Shining bright  

Vocalist Meghan Taylor is reaching for the stars. Donors can help students like Meghan hit a high note.

By Cassie Dowse

Meghan Taylor

Before Meghan Taylor could say a single word, she was singing. Drawn to the beauty of tune as an infant, her aptitude for creating music was written in the stars, harmonizing natural-born talent with a passion for conveying emotion through the power of melody.

Though she grew up in a musical family, a love for music was not an expectation; yet it came to her like a beacon as she navigated her own path. “My grandparents were both music teachers, so it was a constant in my youth, but I really came to it on my own.”

Despite recognizing Meghan’s talent, private lessons and extensive training would be an expensive undertaking, particularly for a family on a budget. However, Meghan felt incredible support from her family to pursue music. “We didn’t have a lot of money but because my grandparents understood the importance of musical education, they stepped in to help offer financial support.”

Throughout schooling and training Meghan flourished, discovering talents for playing the clarinet, saxophone and piano. She enjoyed singing pop artist Adele’s songs when she was younger but eventually found a connection with classical composers and opera singers, pushing her talents to new heights.


Meghan Taylor


Meghan is in her third year at Western’s Don Wright Faculty of Music where she is enrolled in a Bachelor of Music with Honours. The Bachelor of Music degree offers different streams for students to pursue their strengths and interests.

The Performance stream was a natural fit for Meghan. She spent the better part of her youth competing in (and winning) several music festivals across Lambton County, performing in talent shows and singing in choirs. She was meant for the stage.

For Meghan, performance is an art that can form a relationship with the audience, often creating an accompaniment to emotion. “Music is one of the rawest forms of human connection,” she says. “Before I perform, I contemplate the underlying emotions that construct a particular piece and what I intend to convey. There could be someone in the audience hurting – someone who is happy – someone who is grieving. You have a job – a duty – to get on that stage, make them feel something and forge a connection.”

Meghan uses the vulnerability of live performance as a tool, admitting that the nerves associated with being on stage never truly go away. She counts each performance as a personal achievement and an opportunity to offer the audience a respite from everyday life.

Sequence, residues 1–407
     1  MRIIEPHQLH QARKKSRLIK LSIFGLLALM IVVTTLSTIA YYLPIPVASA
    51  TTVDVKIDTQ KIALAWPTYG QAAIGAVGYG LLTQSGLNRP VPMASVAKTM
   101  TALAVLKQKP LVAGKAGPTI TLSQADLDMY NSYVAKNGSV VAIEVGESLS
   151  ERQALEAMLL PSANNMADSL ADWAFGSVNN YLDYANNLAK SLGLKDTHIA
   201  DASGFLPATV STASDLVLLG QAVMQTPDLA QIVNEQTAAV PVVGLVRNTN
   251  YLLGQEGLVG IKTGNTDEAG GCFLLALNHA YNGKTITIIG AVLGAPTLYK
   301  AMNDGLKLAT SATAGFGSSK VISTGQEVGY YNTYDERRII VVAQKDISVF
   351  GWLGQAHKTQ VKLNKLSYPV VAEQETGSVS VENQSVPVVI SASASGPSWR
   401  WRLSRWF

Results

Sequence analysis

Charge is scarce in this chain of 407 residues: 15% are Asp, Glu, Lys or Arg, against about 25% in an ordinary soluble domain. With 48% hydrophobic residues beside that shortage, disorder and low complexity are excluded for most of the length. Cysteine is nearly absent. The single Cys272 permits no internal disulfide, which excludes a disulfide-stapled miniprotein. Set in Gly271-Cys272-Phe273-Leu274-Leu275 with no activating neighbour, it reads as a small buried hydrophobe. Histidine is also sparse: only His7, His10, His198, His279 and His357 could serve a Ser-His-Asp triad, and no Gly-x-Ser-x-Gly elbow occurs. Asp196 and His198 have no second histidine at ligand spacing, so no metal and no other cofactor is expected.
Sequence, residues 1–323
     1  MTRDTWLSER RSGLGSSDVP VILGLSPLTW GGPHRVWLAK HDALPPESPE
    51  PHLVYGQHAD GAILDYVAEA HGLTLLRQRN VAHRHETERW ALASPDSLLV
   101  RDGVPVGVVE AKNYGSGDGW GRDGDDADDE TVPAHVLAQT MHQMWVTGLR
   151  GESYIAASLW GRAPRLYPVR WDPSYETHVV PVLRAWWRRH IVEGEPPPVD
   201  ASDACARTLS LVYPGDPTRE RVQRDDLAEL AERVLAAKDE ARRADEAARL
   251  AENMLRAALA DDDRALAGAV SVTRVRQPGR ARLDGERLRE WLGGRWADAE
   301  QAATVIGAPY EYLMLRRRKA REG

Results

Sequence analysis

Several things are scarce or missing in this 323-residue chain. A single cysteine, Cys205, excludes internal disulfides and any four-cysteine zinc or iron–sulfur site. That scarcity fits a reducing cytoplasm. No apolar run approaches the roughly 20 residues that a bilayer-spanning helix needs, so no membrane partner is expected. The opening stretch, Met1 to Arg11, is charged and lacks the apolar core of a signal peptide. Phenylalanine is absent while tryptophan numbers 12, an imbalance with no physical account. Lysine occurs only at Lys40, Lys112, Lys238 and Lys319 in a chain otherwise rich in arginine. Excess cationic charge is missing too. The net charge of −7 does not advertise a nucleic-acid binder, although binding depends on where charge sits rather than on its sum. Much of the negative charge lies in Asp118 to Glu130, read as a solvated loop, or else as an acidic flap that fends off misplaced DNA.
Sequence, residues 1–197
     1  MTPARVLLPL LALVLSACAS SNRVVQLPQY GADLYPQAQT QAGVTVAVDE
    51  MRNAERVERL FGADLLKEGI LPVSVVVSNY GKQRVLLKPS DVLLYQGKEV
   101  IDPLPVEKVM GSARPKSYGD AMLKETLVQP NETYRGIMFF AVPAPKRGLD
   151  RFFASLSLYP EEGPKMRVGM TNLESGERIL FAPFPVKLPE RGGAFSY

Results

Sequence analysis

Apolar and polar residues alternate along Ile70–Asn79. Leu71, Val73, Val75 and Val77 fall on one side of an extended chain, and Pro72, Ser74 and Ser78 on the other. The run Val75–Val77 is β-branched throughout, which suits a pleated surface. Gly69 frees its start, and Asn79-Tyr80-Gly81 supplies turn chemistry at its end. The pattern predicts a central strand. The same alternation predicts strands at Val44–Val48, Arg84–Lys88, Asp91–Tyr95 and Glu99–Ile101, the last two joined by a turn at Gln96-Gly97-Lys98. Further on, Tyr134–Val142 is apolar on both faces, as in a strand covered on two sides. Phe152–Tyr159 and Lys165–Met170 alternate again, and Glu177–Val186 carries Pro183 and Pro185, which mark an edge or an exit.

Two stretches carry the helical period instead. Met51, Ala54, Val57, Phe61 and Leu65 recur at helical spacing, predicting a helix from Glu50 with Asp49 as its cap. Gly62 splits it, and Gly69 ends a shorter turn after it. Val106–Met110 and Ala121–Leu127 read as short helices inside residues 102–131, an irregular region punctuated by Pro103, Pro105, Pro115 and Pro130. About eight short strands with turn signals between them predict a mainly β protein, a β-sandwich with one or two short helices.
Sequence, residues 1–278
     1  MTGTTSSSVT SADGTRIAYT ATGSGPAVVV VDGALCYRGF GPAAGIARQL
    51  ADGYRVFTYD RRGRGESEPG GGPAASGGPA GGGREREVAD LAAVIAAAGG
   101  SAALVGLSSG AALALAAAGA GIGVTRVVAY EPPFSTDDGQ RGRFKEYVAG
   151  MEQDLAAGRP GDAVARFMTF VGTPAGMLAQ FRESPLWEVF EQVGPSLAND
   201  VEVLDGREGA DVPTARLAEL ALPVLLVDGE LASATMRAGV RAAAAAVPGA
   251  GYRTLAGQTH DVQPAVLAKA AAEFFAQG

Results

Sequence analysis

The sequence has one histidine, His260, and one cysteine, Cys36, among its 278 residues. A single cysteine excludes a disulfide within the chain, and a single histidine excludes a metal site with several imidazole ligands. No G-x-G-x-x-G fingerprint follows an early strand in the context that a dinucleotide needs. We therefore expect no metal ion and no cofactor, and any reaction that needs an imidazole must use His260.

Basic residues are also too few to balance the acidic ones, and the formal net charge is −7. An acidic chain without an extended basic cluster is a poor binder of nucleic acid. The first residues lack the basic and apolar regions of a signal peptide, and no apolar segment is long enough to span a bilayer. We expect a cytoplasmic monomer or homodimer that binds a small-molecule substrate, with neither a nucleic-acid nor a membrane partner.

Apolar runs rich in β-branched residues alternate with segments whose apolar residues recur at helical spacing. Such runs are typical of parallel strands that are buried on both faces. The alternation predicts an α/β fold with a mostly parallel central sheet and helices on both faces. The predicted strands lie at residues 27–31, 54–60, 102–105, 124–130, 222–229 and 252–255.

“Sometimes I find myself brought to tears because some songs are so heartfelt,” she says. “That’s also the thrill of it. When I step off stage, I feel euphoric – like I’ve just run a mile. I know that I’ve done something I thought I couldn’t do.”

It’s also the community of faculty and students in the program that motivates Meghan daily. “When I’m on campus, I feel like I’m at home seeing my family,” she says. “You see your peers studying music and putting on amazing performances. Everyone is dealing with the same struggles that you are, which is so validating. The community at Western is inspirational, and that’s a huge reason why we do it.”

A gift of hope

Before arriving at Western, the prospect of attending university was uncertain for Meghan. 

“My family experienced financial struggles when I was growing up, so the possibility of attending university was so scary. It’s emotionally taxing, especially when you have a dream,” she says.

As Meghan entered her second year of undergraduate studies, she found herself worried about finances. Even with a part-time job, she was struggling to balance the prices of rent, groceries and tuition, and came close to losing her apartment when her student loan was unexpectedly cut. 

Meghan was elated to receive the Sandor and Borballa Puskas Music Award for the 2021-22 academic year which covered the second installment of her tuition and allowed her to keep her apartment. This year Meghan was bestowed another award, the Albert Whitlow Choral Award established through the generosity of the London Music Scholarship Foundation.

Meghan is deeply grateful for donor support which has helped her to thrive academically and reach for the stars.

Students often need additional financial support, and right now there is still an opportunity before the year is through to support scholars like Meghan. You can help remove a student’s financial barriers and anxiety and help them to follow their dreams. 

“Saying ‘thank you’ isn’t enough,” says Meghan. “I hope donors know how meaningful student awards are for someone who grew up with almost nothing. To help take that burden off a student’s shoulders is an incredible gift.”